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Loyola students step up to give hope to former inmates

Loyola students step up to give hope to former inmates

Loyola student Aliya Syed works with a participant at the Summit of Hope, an annual event that provides community services and support to encourage parolees and probationers who are re-entering society to remain crime-free.

By Gabrielle Barnes | Student Reporter

Inside the gym at Willye B. White Park hangs a colorful banner that reads, “A dream without a plan is only a wish.” Outside, a line of parolees wait to gain entrance into what they hope is a fresh start. The Summit of Hope provides community services and support to those re-entering into society in order to become responsible, crime-free citizens. When asked for volunteers to assist the Summit of Hope event, Loyola students took action. 

“I volunteered because I think the criminal justice system is warped and stigmatizes people who are re-entering society too much,” said sophomore journalism and environmental science double major Maggie Yarnold, who was among the over 125 Loyola undergraduates who volunteered for the Summit of Hope event.

Whether their time was spent handing out T-shirts with emblazoned with the Summit of Hope logo or pairing up with a parolee to guide them through the vendors, students had the chance to interact with the parolees and probationers.  

Making a difference

Junior political science and economics double major, Kyle Chan, decided to participate after his experience volunteering with a youth program to keep children of prison inmates on a good path. After hearing that the majority of the children he mentored ended up following in the steps of their parents, he wanted to see if the Summit of Hope event could give these parolees the push they needed to stay on the straight and narrow.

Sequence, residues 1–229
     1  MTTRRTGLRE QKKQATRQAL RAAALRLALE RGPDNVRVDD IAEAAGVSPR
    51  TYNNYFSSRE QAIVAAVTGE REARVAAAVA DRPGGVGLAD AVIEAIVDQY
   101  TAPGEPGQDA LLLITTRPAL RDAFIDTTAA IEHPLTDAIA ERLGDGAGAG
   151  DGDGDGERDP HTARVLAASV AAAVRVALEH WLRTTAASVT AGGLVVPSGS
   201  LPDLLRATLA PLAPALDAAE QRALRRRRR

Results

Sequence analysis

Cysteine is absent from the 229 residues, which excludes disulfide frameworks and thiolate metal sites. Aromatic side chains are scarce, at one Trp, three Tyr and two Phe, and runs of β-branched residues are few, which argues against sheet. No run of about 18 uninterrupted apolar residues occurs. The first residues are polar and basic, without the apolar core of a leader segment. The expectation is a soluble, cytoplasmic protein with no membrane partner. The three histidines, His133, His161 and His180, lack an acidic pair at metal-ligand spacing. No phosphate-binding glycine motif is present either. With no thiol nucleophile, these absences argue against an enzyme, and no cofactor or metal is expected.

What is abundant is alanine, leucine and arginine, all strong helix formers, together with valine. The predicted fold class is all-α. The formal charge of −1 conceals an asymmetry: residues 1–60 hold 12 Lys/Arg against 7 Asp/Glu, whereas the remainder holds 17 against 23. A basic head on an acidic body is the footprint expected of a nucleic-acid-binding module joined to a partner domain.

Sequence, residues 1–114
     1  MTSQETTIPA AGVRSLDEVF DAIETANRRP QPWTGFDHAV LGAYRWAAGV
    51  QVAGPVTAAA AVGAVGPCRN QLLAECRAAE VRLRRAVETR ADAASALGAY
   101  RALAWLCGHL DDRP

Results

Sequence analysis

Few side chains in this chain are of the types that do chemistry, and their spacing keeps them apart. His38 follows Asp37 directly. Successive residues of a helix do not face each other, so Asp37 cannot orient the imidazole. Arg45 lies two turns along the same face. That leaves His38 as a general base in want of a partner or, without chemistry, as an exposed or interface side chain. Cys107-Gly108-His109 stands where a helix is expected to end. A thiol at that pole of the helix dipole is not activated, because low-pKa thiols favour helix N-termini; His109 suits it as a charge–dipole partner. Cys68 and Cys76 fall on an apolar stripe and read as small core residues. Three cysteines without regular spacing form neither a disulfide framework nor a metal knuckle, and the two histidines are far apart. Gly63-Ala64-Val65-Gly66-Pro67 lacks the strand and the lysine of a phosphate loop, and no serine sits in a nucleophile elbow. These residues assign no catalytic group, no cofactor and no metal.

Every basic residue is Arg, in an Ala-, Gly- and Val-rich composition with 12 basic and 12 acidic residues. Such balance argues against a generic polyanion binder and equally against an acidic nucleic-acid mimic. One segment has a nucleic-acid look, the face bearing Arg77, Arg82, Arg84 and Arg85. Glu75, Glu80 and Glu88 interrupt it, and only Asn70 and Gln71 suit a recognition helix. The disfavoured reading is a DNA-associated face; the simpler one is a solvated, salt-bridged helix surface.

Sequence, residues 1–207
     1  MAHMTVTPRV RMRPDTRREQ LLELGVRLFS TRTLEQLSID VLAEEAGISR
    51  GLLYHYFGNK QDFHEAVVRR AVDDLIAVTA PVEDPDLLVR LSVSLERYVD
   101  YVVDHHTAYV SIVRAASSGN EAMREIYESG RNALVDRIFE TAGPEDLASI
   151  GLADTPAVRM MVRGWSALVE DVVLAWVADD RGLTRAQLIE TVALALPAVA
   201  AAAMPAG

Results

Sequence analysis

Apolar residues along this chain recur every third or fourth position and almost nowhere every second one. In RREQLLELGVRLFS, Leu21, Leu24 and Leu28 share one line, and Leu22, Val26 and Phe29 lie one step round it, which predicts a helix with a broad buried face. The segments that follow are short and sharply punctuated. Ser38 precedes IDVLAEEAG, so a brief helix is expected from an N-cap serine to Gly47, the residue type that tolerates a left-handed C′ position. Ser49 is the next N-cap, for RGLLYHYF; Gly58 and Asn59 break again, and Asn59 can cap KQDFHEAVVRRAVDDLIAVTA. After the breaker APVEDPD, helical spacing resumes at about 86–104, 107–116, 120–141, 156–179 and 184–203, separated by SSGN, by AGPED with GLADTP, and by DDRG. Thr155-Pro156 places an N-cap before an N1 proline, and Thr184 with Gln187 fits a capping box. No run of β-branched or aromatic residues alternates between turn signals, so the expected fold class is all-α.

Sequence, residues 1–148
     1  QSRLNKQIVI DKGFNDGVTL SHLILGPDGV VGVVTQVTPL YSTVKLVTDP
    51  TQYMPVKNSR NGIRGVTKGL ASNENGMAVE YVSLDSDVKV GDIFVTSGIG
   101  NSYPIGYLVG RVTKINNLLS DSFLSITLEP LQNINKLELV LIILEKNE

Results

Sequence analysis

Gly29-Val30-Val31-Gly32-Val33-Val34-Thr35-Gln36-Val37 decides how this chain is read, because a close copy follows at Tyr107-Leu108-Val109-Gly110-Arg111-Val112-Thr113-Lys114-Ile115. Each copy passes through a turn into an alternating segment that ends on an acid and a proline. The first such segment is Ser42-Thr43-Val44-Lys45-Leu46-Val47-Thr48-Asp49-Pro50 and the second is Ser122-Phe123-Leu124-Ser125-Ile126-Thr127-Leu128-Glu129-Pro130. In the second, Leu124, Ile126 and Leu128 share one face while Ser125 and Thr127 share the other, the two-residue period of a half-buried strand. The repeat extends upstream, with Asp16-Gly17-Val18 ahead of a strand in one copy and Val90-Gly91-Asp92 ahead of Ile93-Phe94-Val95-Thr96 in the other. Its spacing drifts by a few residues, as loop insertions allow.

The Summit of Hope’s vendors provided numerous resources available such as healthcare center information, educational support, and family service support. Participants were also given essentials items like prepaid cell phones, secondhand dress shirts, toothbrushes, and even free passes to the Brookfield Zoo for those with families. 

Adam Glueckert, a senior majoring in environmental policy, said he enjoyed listening to the unique, personal stories from attendees but he also recognized the programs communal benefits. 

 “The Summit of Hope provided a positive outlet for community restorative justice, giving formerly incarcerated individuals the opportunity to find a life beyond the criminal justice system. It also gave the community the opportunity to interact with individuals that have experienced these direct impacts of the criminal justice system.” 

Department of Criminal Justice and Criminology professor Brandi Vigil, served as the university liaison and the Illinois Department of Corrections. She said that the Summit of Hope aligns with Loyola’s mission because it “focuses on the human as a whole and because the university campus is so close to a lot of folks attempting to re-enter society—it’s a natural connection to the community and Loyola.” 

The program attracted students across disciplines but the teaching within the Jesuit tradition connected many who volunteered, including Senior Jessica Nosalsk.

“My Jesuit education has preached compassion for all members of society,” said Nosalsk, a criminal justice major. “The conversations with my assigned parolee were memorable, and when we were finished, we wished each other well. It was authentic.”